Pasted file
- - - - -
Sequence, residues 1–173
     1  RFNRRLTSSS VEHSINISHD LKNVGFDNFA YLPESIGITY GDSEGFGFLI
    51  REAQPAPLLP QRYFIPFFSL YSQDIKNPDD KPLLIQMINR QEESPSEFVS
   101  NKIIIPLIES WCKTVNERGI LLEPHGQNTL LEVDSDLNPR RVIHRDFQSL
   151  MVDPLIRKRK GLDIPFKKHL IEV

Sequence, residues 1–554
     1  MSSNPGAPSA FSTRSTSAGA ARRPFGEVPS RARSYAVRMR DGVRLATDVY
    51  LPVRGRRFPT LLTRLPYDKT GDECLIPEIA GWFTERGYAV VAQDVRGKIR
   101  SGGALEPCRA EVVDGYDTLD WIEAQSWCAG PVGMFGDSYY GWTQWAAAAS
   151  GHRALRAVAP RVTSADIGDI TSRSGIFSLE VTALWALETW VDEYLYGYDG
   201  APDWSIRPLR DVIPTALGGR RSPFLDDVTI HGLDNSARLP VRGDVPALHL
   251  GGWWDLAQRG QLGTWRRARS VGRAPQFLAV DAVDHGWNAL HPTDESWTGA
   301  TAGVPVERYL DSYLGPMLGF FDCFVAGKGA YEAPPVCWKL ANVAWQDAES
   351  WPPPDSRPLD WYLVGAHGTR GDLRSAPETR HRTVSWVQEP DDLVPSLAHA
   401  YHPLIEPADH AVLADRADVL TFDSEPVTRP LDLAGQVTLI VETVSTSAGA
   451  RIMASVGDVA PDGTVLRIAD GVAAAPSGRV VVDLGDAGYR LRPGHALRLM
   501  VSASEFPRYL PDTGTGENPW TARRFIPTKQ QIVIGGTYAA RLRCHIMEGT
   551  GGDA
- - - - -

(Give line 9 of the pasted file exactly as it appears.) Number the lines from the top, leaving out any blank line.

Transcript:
   101  SGGALEPCRA EVVDGYDTLD WIEAQSWCAG PVGMFGDSYY GWTQWAAAAS